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    UMHS grad Dr. Rohit Shah on Psychiatry during National Suicide Prevention Month

    Posted by Scott Harrah
    September 17, 2021

    UMHS 2015 graduate Dr. Rohit Shah completed his residency in Psychiatry at Southern Illinois University. He was chief resident there. He then completed an Addiction fellowship at Indiana University. Dr. Shah currently works in various settings: detoxification, residential, in-patient, partial hospitalization program, intensive outpatient program, and clinic.

    In recognition of National Suicide Prevention Month, the UMHS Endeavour spoke to Dr. Shah about the state of Psychiatry and what med students and doctors need to know regarding warning signs for suicide, the correct terminology, training for healthcare staff, physician suicide, specialists known as suicidologists, and more.

    Why Psychiatry?

    Dr. Shah currently works in various settings: detoxification, residential, in-patient, partial hospitalization program, intensive outpatient program, and clinic.

    What made him select the specialty?

    I have always been fond of Psychiatry and Neurology,” Dr. Shah said. “I appreciate all the underlying neuroscience, especially seeing patients responding to psychotropic medications and the neurotransmitters involved. Addiction for me is rewarding as it is more medical with detoxification and having objective evidence of labs and vital signs. Furthermore, it is inspiring to see patients in their recovery and how resilient they have become. The work-life balance of psychiatry and potential for one of the highest compensated specialties is also a plus.”


    Dr. Shah specializes in Addiction Psychiatry and is dual board-certified in both Psychiatry and Addiction Psychiatry.

    National Suicide Prevention Month

    September is National Suicide Prevention Month. Dr. Shah discussed the many misconceptions about suicide, particularly the way it is talked about.

    Suicide is a very sad and unfortunate cause of death that can be prevented many times,” Dr. Shah said. “I prefer to refer to suicide as a person died of suicide rather than the stigmatizing ‘they committed suicide.’ Many have a limited understanding and can tend to blame the individual; [saying] ‘it was a selfish act. How could they do it; they have kids?’”

    He said people must understand that “suicide is complex with neuropsychiatric, genetic, psychosocial mechanisms. There are even specialists in this area, suicidologists.”

    Common warning signs

    There are many things medical students and doctors should look for in both patients and coworkers who might be at risk.

    Warning signs can include isolation and being withdrawn, appetite or sleep changes, anhedonia, depressed moods. Deteriorating emotional health (history of mental health conditions such as major depressive disorder, bipolar disorder, post-traumatic stress disorder, schizophrenia, etc.) along with substance use places an individual at a higher risk.

    “A major life event can be triggering, such as job termination, loss of a loved one, or relationship termination. There can be the expression of passive death wishes (example, ‘I would rather be dead than alive and would not mind if I didn’t wake up') that can progress to active suicidal ideations with a plan; these can be actively voiced or hidden unfortunately. At times there can be a suicide note. A family history and a past history of suicide attempts are risk factors. Other risk factors can include elderly, unmarried, male, Caucasian, chronic pain, history of abuse.”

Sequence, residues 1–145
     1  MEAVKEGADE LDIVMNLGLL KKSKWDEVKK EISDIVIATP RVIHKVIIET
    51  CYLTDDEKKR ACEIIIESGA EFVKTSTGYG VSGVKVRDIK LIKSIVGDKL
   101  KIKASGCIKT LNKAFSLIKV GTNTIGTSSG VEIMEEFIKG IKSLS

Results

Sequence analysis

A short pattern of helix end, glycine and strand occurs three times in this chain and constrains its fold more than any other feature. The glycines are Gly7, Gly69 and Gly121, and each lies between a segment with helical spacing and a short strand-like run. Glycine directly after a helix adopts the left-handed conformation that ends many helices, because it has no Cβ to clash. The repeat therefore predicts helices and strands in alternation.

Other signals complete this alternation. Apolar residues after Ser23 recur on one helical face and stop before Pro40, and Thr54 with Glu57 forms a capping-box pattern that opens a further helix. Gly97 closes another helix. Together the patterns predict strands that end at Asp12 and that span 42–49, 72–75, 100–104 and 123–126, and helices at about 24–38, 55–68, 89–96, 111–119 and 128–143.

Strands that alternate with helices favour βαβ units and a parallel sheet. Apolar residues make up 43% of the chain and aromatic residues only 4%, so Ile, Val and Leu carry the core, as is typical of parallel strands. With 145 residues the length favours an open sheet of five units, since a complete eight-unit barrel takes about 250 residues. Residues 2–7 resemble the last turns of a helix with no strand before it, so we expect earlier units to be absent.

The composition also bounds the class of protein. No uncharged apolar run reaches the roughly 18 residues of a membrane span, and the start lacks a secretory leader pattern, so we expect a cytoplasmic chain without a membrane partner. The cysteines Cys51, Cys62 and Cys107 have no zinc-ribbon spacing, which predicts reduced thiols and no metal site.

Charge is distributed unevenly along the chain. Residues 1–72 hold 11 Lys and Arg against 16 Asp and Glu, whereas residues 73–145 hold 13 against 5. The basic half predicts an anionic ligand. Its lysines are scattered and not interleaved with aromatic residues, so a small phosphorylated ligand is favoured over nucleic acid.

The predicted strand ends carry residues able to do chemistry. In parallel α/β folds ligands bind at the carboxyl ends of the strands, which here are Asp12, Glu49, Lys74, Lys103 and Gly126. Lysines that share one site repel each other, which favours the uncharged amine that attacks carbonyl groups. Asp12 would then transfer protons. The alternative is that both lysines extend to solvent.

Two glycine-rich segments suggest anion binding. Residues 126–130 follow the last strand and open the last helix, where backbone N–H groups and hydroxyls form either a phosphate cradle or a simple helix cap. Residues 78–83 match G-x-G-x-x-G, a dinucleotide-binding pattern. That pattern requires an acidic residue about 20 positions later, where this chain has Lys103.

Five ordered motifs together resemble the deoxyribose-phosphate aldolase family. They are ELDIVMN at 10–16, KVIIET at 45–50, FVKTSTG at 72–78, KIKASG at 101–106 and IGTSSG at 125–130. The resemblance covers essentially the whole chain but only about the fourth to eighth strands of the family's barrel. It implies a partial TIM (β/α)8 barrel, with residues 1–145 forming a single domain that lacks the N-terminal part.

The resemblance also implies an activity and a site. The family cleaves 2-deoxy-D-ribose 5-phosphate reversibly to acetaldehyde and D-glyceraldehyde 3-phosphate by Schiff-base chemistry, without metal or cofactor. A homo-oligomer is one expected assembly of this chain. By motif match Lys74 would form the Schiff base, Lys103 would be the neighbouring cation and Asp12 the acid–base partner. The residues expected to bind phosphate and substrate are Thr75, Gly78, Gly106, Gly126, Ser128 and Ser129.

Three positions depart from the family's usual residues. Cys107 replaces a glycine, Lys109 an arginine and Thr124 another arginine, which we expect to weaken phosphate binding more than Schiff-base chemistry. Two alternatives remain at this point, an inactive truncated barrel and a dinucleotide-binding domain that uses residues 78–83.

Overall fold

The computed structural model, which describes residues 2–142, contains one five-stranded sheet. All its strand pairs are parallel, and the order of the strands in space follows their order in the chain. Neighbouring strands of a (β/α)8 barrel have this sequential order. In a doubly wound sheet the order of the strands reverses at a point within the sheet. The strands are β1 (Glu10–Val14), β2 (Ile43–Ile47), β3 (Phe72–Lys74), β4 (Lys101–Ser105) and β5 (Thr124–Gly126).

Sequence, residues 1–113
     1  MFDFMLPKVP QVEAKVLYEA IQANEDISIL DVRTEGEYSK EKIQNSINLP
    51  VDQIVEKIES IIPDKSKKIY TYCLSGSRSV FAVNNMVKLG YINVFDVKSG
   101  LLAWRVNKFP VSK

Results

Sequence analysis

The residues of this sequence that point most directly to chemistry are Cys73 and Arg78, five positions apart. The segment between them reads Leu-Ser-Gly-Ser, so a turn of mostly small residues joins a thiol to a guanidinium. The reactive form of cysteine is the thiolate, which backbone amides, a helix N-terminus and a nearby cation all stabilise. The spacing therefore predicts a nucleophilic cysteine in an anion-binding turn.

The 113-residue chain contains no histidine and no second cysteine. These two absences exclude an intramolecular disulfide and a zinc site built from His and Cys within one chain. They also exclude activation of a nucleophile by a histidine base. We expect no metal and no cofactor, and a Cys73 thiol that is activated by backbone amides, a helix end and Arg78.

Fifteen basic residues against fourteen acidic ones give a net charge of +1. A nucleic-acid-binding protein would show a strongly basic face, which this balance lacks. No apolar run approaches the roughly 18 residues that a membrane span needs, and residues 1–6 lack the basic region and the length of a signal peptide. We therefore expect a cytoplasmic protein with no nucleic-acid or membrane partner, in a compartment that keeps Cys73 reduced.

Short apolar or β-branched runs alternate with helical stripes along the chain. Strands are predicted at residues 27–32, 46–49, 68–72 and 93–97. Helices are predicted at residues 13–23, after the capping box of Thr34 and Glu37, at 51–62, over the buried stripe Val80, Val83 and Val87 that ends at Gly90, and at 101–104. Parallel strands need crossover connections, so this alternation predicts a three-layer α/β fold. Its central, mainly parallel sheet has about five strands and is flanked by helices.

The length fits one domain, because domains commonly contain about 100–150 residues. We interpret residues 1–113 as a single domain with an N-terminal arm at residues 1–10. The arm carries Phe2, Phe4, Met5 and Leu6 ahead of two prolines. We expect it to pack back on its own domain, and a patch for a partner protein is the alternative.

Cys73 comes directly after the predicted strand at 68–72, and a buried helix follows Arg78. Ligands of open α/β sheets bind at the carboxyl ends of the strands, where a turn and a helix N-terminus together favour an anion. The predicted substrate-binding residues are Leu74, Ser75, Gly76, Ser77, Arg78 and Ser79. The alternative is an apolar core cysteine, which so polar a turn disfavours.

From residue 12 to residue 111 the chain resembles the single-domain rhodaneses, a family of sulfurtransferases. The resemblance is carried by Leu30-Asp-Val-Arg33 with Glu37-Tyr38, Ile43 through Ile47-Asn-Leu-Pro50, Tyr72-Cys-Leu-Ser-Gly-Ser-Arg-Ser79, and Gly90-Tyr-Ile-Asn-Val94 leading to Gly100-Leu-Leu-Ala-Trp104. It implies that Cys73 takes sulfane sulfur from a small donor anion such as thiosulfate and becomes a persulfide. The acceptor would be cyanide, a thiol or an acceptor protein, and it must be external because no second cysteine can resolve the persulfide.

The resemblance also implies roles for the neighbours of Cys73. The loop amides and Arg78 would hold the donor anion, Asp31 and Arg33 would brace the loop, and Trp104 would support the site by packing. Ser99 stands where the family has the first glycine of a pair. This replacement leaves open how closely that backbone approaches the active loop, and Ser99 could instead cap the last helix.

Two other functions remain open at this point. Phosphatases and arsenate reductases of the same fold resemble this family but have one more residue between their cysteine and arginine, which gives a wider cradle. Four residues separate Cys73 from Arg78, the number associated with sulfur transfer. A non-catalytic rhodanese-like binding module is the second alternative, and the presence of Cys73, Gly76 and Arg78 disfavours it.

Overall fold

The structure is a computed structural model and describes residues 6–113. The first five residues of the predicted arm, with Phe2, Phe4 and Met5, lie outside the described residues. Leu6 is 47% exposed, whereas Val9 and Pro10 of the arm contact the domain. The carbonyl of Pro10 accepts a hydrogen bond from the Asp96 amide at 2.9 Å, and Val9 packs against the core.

Besides encouraging someone to speak to a therapist or psychiatrist, what are things one should ask someone if you fear they might be considering suicide?  Specifically, should one avoid clichés like debating the quality of life or minimizing their problems?

    There is a fear that talking to an individual about suicide can increase their risk,” he said. “It is always worthwhile to ask about suicidal thoughts and plans, sense of hopelessness, future orientation.”

    Many mental health issues have become issues during the COVID-19 pandemic. depression and suicide during the pandemic.

    “There has been a significant increase in new onset depression, anxiety and worsening depression with suicidal thoughts and attempts during the pandemic. Many have lost their jobs and the financial distress has negatively impacted their mental health.”

    Substance abuse was a problem long before the pandemic, but the isolation caused by lockdowns made matters worse.

    “The opioid epidemic was already concerning with a high amount of fatal opioid overdoses. Opioid overdoses were one of the top causes of death under age 55. Substance use disorders were exacerbated during the pandemic. Many relapsed after in-person 12-step meetings became less available and isolation increased. However, the development of virtual meetings has been helpful. Alcohol sales during the pandemic skyrocketed. I have seen countless patients coming in for alcohol withdrawal detoxification that had never developed a physiological dependence to alcohol until the pandemic.”